Hockey: The Crack Cocaine of Sports

On a cold winter’s day, hundreds of years ago, a man sat outside his village staring at a frozen lake. Hours passed and he continued sitting there, lost in his own thoughts. His eyes had not strayed from that lake as he sat, oblivious to the rest of the world.

Very rarely did someone leave the village in the winter and even more rarely did a person stare at frozen water for hours at a time. This concerned the villagers, worrying them that a witch or warlock had cast some sort of spell on him. Witches and warlocks were much more prevalent in those days.

“What are you thinking about?” the other villagers finally asked him, preparing to baptize him with holy water if the situation should call for it.

His concentration momentarily broken, he would attempt to explain. “I was thinking about putting some blades on my shoes, sliding on that ice, and hitting things with a stick.”

The villagers took a second to process this information. After all, they had been taught that ice was dangerous. You could slip and fall down. In fact, they reminded him of this, saying, “You do know you could slip and fall down, right?”

“Yes,” he replied, “but that is the fun part. No one wants to watch me hit things with a stick unless someone falls down.”

Thus, hockey was born.

Living in Kansas City, my exposure to hockey is very limited. I have seen all three “Mighty Ducks” movies and “Slap Shot.” I have ice skated a couple of times and fallen down on ice a couple of times. Without a professional hockey team, my knowledge of the game was limited at best.

Sure, there were a couple of minor league hockey teams I could learn from. These games, though, usually turned into boxing on ice. (Note to self: Great idea. Contact Michelle Kwan about setting this up.) Occasionally a goal would be scored, but more often a person would have his face punched, punch the other person’s face in retaliation, and then go sit in a Plexiglas box.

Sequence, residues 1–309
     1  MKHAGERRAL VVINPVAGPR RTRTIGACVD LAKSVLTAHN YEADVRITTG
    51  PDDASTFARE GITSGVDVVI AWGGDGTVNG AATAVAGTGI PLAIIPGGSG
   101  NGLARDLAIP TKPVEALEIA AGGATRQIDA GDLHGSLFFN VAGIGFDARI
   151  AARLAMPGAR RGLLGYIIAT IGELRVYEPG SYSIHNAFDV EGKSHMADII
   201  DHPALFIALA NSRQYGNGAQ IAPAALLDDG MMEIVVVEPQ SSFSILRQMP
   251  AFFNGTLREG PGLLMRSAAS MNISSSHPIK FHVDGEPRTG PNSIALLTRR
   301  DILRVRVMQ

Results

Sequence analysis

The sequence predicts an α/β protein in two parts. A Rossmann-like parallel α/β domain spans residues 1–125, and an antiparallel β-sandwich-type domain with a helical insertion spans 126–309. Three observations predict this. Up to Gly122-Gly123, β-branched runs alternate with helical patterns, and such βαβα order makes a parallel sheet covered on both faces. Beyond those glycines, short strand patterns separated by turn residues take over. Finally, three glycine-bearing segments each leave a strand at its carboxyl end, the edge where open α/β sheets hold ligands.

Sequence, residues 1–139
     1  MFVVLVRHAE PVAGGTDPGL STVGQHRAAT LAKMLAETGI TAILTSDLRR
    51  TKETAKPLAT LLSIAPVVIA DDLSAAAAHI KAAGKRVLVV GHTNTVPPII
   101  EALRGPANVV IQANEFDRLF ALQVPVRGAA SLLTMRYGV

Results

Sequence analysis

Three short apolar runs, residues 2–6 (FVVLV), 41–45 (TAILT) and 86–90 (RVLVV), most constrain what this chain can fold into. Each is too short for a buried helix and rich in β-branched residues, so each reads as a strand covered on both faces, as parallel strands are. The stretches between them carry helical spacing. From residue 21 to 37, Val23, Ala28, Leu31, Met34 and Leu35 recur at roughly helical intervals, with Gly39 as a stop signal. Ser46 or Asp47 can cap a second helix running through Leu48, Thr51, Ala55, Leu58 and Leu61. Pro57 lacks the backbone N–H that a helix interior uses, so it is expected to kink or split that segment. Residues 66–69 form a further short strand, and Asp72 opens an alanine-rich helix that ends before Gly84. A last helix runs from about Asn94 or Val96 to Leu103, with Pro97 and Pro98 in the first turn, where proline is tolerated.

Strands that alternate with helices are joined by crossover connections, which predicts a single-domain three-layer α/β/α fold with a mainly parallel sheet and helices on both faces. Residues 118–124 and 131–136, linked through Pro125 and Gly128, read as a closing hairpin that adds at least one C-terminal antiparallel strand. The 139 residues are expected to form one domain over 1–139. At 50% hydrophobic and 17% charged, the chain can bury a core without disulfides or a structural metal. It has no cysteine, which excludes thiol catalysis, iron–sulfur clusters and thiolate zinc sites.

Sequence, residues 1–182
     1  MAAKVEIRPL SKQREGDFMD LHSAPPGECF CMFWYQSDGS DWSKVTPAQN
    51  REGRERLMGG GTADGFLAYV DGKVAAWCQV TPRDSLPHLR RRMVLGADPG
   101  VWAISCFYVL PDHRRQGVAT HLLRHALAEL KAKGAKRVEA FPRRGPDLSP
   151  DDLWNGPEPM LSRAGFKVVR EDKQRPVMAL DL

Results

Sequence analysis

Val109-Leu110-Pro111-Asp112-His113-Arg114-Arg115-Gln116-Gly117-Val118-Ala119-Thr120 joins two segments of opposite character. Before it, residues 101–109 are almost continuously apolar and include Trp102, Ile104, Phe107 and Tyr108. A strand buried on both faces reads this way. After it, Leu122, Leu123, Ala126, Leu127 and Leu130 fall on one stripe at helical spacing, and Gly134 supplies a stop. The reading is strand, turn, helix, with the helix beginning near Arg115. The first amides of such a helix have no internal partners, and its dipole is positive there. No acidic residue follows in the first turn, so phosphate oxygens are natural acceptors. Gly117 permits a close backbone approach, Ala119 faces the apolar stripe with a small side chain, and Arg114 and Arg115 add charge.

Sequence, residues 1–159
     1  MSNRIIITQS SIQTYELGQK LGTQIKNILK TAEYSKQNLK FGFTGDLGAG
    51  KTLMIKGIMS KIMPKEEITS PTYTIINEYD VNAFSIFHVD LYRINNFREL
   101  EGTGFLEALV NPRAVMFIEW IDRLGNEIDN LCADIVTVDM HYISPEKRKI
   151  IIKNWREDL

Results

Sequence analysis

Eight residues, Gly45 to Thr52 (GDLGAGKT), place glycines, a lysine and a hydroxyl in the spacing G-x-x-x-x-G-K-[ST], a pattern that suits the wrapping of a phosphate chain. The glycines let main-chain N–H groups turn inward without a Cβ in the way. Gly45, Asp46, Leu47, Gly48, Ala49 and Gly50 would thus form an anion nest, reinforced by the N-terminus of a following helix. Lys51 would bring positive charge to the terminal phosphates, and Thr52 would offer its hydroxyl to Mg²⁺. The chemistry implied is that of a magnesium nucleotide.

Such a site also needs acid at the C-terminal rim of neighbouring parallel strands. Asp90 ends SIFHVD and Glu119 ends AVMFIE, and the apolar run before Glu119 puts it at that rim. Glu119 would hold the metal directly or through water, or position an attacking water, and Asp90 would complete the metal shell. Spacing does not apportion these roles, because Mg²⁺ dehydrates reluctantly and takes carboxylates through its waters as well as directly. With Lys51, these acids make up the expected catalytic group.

All of my life, I had been raised watching the peaceful game of baseball. There was very little violence and even less blood. We would go to many games and enjoy the outdoors and the warm summer air.

When my family moved to Nashville this summer, though, I wondered what they would do. My family would be baseballess (baseball-free? Debaseballed?) in Nashville, leaving behind the adorably terrible Kansas City Royals. What would they root for? Would they be able to function without baseball? What would become of them?

I found the answer last week when I visited for the first time.

“Are you going to watch the Predators’ game with us?” my mother said. Assuming they were talking about a game involving the movie “Predator,” I was very confused. Are Arnold Schwarzenegger, Carl Weathers and Jesse Ventura competing in something together? I could only assume that game would involve some sort of machine gun. As it turns out, they were talking about the NHL’s Nashville Predators.

My family had adopted the blood-sport of hockey.

That Saturday, we waited in line at 8:30 a.m. to buy cheap tickets. Apparently hockey fans are willing to get up early on Saturdays for cheap tickets. They bring their lawn chairs and put on their best jersey, then they sit. And they sit. They talk about hockey and sit, waiting to buy tickets from a lady who has significantly less enthusiasm about this early morning ticket session. After a coffee run that took me through a marathon (The second marathon of the weekend in Nashville, which is apparently the world capital of large groups of running people.) and a great deal of sitting, we left with $10 tickets in hand, preparing for that evening’s game.

There are a few rules to hockey. Yes, there are the rules to the game, but they really seem to be making those up as they go. To watch hockey, though, is an art form.

The main rule is the rule of “suck.” In Nashville, the fans use this as their main weapon. When the opposing team is introduced, people shout “SUCKS!” after each name. When the opposing player’s name is said because of a penalty or any other negative reason, the crowd shouts, “SUCKS!” after his name. When the other team scores, “SUCKS!” is shouted multiple times. When the cotton candy vendor offers you a delightful fluffy treat, you scream “SUCKS!” in his face, leaving bits of spittle clinging to his chin.

The fans even have delightful melodies involving ‘suck,’ replacing the “Hey!” in songs with the much more abrasive “YOU SUCK!” Hockey fans can be uncouth.